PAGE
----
1 REMOVE all vegetation within 6 in. of the slab site. Roughly level the soil and dig the perimeter to a 7-in. depth (Fig. A). Set the 2x8 forms straight, square and level with 1x3 stakes. Coat the inside surface of the forms with vegetable oil so they'll be easier to remove. Lay two levels of No. 4 rebar around the perimeter (Fig. A).
2 POUR the concrete and screed it level with the forms. Be sure to have your anchor bolts and post brackets ready to set into the fresh concrete. Mark the locations on your forms. After the anchor bolts and post bases are positioned, finish the surface with a steel trowel. Cover the concrete with plastic for three days.
3 RIP strips from 1/2-in. CDX plywood to make the gussets for the trusses. Cut them into the shapes shown in Figs. C and D. Also cut the members for the first common truss.
4 GLUE and staple the gussets to the common truss members using construction adhesive and a pneumatic stapler loaded with 1-1/8 in. staples. Once you've finished stapling the gussets to one side, flip the truss and attach the gussets to the other side. When this truss is completed, mark one side "front" and the other "back" to maintain consistency in the trusses. Note: The two gable end trusses (Fig. D) have gussets on the inner sides only. Measure the struts of this truss and cut the same length for the other trusses.
5 USE your first truss as the "pattern truss" for the other common and gable end trusses. Screw 2x4 blocks to the pattern truss as shown, then lay each truss piece over the pattern truss to ensure they're all a uniform size and shape. Remember: Mark front and back sides for each truss to maintain consistency. Assemble all the trusses and stack them flat and away from the slab.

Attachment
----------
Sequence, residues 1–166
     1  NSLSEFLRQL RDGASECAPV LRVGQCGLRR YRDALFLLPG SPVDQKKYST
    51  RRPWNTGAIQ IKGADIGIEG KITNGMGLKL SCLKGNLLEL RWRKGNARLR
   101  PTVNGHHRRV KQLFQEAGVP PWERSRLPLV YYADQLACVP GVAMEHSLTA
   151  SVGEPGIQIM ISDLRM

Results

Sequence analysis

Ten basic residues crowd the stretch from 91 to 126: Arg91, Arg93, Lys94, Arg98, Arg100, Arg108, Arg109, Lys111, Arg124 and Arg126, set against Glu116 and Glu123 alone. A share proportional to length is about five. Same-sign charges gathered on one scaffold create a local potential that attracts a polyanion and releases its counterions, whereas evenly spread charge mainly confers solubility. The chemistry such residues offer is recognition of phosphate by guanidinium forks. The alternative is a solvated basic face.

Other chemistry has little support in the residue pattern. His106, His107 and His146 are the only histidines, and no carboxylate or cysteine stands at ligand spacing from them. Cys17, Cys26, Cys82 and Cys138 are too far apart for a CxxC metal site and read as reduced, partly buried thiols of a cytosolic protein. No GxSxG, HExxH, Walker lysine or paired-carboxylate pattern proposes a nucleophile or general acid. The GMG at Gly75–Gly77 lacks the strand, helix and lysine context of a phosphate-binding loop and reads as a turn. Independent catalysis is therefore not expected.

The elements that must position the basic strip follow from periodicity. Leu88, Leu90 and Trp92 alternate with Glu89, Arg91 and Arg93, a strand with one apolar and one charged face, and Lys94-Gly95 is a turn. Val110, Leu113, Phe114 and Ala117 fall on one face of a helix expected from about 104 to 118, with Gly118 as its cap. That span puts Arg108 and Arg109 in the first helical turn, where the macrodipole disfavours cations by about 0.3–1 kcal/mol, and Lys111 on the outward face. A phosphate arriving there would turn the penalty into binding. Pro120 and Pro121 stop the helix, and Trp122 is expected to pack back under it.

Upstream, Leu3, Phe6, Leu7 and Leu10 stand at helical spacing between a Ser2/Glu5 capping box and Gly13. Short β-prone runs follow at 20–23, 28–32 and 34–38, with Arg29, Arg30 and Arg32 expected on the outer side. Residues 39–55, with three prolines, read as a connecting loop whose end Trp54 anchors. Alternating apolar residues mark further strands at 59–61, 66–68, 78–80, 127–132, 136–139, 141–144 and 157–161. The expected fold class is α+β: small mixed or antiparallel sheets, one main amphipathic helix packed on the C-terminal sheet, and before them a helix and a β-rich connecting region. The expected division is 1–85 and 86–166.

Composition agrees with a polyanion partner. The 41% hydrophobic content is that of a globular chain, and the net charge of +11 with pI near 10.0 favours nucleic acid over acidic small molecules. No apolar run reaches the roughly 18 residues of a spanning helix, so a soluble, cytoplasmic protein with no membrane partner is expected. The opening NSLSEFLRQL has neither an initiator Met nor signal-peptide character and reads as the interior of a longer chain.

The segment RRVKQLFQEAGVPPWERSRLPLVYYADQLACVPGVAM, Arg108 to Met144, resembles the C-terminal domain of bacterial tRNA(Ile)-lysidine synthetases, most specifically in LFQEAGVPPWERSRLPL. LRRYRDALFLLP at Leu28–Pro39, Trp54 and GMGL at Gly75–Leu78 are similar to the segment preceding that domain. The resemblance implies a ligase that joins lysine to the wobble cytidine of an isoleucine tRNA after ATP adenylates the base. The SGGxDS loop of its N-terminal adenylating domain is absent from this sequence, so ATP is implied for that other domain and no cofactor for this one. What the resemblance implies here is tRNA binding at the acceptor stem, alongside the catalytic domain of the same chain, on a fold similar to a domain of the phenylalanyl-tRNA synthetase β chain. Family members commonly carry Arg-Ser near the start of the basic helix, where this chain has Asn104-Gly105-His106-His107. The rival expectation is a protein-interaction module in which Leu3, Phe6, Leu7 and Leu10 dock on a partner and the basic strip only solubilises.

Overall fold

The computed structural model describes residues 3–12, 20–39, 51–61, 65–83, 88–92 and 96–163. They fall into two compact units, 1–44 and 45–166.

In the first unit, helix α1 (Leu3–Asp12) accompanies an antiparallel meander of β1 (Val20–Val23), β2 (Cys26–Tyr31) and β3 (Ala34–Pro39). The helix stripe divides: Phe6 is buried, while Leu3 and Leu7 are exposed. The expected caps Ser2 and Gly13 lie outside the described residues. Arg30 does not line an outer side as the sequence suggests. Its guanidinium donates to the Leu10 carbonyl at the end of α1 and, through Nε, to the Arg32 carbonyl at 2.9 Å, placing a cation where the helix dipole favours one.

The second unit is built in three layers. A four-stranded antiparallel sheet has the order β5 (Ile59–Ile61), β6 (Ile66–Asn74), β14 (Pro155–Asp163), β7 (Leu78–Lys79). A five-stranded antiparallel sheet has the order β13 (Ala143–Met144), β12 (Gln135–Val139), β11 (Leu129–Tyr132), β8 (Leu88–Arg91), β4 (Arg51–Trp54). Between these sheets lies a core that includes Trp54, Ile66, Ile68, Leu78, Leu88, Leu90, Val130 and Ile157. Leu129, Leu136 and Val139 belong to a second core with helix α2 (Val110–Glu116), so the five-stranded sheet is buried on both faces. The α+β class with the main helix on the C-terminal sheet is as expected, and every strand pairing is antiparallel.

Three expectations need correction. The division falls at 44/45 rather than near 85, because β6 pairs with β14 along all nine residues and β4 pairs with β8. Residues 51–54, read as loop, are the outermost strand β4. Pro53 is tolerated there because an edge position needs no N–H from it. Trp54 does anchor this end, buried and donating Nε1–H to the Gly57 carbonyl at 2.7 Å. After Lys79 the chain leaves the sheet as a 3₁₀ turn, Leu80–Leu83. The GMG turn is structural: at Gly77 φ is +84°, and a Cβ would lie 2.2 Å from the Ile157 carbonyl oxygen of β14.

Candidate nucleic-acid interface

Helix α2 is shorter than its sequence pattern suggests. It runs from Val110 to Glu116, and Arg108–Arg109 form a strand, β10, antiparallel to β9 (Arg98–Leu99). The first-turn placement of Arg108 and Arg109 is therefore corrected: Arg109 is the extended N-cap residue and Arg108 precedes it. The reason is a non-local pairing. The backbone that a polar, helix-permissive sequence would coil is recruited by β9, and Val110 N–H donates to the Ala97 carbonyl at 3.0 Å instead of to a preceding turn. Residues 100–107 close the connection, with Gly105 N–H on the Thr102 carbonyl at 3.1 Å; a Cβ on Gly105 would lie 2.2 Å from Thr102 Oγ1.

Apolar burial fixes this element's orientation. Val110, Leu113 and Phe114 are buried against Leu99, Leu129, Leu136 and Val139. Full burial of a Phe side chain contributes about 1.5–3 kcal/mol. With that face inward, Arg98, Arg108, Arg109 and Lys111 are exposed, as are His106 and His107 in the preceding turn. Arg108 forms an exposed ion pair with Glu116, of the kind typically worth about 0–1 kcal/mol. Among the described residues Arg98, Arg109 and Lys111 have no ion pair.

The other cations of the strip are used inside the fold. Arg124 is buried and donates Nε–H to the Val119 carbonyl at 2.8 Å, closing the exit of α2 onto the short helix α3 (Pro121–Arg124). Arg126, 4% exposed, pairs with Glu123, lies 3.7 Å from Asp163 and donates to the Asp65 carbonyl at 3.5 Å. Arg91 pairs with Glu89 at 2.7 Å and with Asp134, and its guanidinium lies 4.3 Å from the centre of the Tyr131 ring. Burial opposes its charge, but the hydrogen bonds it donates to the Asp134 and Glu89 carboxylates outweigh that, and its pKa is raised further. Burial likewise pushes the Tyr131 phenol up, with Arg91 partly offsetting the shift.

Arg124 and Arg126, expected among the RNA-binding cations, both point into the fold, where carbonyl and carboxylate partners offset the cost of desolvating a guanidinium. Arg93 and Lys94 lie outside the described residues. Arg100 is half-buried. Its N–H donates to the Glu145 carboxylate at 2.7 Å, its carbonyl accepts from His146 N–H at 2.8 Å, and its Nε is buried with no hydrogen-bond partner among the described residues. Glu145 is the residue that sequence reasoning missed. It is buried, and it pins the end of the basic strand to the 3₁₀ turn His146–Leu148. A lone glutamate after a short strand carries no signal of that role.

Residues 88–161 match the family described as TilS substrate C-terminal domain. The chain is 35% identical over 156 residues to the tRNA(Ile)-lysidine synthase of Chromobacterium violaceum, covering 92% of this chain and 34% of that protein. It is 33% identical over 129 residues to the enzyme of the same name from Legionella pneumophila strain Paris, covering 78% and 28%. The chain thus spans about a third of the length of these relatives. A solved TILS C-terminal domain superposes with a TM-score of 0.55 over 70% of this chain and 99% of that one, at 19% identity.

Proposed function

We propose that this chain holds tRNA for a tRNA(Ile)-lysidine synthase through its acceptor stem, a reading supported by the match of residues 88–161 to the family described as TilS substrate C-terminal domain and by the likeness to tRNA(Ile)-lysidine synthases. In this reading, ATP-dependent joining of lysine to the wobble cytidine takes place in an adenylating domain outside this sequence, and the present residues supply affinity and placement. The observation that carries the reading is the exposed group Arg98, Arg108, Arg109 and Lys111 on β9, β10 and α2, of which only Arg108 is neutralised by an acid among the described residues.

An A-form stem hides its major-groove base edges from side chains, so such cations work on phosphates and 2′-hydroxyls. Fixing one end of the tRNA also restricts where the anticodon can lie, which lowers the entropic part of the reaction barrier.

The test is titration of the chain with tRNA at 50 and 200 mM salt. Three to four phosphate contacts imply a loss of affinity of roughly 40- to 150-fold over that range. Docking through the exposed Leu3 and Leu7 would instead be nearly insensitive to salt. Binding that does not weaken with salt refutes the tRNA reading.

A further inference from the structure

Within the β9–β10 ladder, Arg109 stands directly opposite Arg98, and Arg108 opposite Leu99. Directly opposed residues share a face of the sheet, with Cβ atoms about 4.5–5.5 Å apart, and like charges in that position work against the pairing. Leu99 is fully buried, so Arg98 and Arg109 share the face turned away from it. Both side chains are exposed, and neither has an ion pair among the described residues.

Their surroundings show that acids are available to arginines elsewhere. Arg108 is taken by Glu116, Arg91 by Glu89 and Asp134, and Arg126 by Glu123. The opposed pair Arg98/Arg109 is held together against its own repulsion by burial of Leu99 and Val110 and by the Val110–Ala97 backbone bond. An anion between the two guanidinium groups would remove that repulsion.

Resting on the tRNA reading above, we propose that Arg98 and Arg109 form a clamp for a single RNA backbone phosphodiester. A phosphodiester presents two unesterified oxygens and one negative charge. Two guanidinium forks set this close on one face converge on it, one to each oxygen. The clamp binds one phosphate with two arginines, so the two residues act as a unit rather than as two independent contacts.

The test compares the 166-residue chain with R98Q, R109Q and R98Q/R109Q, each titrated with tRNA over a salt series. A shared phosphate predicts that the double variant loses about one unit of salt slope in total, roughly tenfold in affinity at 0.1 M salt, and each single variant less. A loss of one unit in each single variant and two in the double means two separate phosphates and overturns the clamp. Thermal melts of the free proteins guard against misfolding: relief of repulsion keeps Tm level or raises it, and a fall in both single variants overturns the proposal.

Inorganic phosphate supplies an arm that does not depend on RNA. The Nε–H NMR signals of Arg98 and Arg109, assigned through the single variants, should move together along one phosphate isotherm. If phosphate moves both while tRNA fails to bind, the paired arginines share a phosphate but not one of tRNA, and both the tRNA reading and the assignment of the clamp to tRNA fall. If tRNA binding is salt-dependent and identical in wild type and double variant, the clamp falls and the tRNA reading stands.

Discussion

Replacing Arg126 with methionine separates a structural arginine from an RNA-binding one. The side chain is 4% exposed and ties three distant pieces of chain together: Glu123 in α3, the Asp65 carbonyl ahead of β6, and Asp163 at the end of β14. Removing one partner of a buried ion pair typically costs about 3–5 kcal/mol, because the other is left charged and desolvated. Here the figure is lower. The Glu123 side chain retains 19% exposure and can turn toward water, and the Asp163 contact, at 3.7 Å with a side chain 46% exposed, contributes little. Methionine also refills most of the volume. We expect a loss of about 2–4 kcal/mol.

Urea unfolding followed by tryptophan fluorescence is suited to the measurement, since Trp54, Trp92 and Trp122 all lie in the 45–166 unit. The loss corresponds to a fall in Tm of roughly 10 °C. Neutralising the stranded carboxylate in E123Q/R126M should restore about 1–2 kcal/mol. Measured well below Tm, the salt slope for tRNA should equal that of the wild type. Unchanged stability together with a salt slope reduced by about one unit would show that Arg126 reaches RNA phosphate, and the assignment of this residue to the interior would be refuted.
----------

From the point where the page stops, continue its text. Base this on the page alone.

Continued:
6 SNAP lines onto your slab 3-1/2 in. in from the edge of the slab to establish the layout for the walls. Cut the pressure-treated sole plates for the 2x4 wall assemblies, then set them inside the line and measure the anchor bolt distance as shown.
7 TRANSFER the measurement for the bolt location onto the topside of the sole plates. Drill 1/2-in. diameter holes with a spade bit so the bolts will slide through easily after the wall is built and positioned. Tip: Set a block under the plate to prevent your drill bit from hitting the slab as you penetrate the other side.
8 NAIL each 2x4 wall assembly together using two 16d cement-coated nails at each connection. Nail the studs to the sole plate and the top plate. Do not nail the tie plates (2x4s above the top plate) to the top plates at this time. See Fig. E for window opening details to make your header and trimmers and cripple studs. Note that the side walls fit against the back wall.
9 TIP the walls up and drop them over the concrete anchors. Start with the back wall first. Temporarily brace the walls to keep them from falling in the wind, and tack the corners together with 16d nails. Don't drive the nails home until the plates are fastened and you're sure the top plates line up. Hammer the top plate from above if the tops of the walls aren't flush.
10 MAKE SURE the walls line up with the chalk lines you snapped earlier on your slab. Tighten the nuts on the anchor bolts. Align the corners and nail the wall sections together with 16d nails.
11 NAIL the tie plates to the top plates of each wall near each stud location. Drive two nails over each corner to lock the walls together.
12 CUT OUT the bottom plate (your toes will appreciate this) for the doorway once the walls are secured to the slab. Note the undercut on the sole plate made before the wall was nailed together. This cut saves on saw blades!
13 NAIL diagonal braces across the wall once you've got each corner perfectly plumb (a helper is a must). Nail the brace at the sole plate, top plate and near the center of the wall. Nail 1/2-in. plywood sheathing to the front walls with 8d nails to brace them.
14 NAIL the double joist hangers to the front wall on each side so the top of the 2x6 beam will be flush with the top of the tie plate (Fig. B). Add another stud to the backside of the plywood if necessary to catch the joist hanger nails.
15 SCREW the 4x4 posts to the steel anchors using special screws designed for steel connectors. Be sure the post is close to plumb as you drive the screws.